A single, disabled mom living in Suffolk County, NY, received a life-changing holiday miracle gift on Monday. Theresa Thomas was presented with a refurbished Chrysler Town & Country wheelchair accessible van at Bussani Mobility Team in Smithtown, NY, where she became the second annual recipient of the company’s Peter Zarba Memorial Van Donation Program. New Beginnings (a community center for brain injury rehabilitation) arranged the introduction between the two parties that has made this heart-felt wish come true.
A former nurse, Theresa became severely disabled 7 years ago at the age of 39 by a genetic condition triggered during pregnancy that left her confined to bed. She has two sons, aged 15 and 7. And her mother, aged 70, uses a wheelchair as a result of a brain injury and two strokes. As Theresa’s condition worsened and she was no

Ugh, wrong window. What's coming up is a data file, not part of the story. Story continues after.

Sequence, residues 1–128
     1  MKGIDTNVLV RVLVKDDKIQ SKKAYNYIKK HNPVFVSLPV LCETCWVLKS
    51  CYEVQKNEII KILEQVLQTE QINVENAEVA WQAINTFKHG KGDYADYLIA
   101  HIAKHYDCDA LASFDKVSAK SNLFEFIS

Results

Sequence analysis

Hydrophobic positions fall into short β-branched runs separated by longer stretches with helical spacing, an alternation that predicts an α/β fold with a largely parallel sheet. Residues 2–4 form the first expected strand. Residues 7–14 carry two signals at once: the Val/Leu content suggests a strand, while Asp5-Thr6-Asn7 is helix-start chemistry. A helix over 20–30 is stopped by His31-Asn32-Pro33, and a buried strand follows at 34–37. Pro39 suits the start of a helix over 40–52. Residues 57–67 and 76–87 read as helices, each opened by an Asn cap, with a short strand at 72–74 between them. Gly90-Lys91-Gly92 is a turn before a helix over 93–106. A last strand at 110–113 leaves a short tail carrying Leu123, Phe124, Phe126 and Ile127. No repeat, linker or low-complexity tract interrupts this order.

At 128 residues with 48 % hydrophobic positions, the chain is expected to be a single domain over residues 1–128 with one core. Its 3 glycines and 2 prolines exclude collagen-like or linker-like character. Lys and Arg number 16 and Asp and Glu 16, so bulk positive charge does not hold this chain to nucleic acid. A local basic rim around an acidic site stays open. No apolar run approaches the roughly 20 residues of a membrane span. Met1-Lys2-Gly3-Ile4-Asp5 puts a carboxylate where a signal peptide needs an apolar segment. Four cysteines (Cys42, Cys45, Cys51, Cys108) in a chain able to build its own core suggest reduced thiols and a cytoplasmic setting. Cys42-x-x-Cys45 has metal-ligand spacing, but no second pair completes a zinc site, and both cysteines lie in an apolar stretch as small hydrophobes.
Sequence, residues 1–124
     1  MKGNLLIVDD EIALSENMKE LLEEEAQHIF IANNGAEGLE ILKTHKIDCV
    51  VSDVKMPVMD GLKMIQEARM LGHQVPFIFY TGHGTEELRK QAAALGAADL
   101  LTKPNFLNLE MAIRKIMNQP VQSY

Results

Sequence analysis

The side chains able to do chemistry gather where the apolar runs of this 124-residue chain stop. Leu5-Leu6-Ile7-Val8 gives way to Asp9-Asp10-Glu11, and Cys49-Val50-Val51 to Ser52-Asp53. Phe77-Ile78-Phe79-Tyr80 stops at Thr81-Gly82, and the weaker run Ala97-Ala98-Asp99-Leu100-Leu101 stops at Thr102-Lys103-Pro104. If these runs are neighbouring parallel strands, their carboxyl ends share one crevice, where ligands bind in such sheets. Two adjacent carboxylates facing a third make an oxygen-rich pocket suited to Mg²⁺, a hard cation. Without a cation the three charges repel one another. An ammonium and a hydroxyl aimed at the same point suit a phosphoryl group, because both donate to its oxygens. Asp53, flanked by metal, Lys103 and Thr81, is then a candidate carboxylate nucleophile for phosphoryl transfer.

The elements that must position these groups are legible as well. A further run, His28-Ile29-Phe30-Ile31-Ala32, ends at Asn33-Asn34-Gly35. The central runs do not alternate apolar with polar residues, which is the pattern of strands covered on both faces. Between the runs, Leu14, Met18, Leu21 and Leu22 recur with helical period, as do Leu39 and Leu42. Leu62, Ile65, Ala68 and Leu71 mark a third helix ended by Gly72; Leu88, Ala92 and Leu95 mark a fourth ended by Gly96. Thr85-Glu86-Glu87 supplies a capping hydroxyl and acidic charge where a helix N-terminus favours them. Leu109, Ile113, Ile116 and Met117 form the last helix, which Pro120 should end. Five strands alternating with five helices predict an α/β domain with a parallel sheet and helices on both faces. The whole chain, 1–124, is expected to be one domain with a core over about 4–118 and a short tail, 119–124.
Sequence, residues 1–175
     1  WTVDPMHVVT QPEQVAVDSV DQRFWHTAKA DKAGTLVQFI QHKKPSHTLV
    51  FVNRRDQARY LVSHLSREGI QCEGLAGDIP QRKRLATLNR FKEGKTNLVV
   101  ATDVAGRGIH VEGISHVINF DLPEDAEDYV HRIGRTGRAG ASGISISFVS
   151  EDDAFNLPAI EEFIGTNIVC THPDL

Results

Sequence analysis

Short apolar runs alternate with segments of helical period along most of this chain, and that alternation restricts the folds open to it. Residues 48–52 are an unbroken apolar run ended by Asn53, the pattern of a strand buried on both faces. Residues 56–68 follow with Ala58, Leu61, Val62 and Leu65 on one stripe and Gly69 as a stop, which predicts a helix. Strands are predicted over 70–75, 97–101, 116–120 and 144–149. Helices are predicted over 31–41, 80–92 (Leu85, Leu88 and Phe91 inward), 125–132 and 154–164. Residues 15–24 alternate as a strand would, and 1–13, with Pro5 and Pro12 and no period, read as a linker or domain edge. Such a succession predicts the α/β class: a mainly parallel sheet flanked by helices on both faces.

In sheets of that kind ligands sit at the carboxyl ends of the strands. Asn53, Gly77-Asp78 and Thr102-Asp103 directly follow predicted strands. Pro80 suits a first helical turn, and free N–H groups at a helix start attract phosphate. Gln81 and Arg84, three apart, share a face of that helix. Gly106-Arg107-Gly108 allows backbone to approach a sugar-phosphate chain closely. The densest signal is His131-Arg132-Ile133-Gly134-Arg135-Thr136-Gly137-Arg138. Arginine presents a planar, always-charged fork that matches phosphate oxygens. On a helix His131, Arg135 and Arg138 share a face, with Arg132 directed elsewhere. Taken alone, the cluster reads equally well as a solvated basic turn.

longer able to leave the house, let alone work, the family fell homeless and lived in shelters for several years and the children moved from school to school. The struggles they endured, just to live a basic life with food, shelter, and schooling, were unimaginable. But she never gave up fighting…to get well, to find a place for her family to live, to give back.
With the wheelchair accessible van, Theresa will be mobile again. She will regain her independence and be able to take care of her family in the way they were accustomed to before her physical disability set in.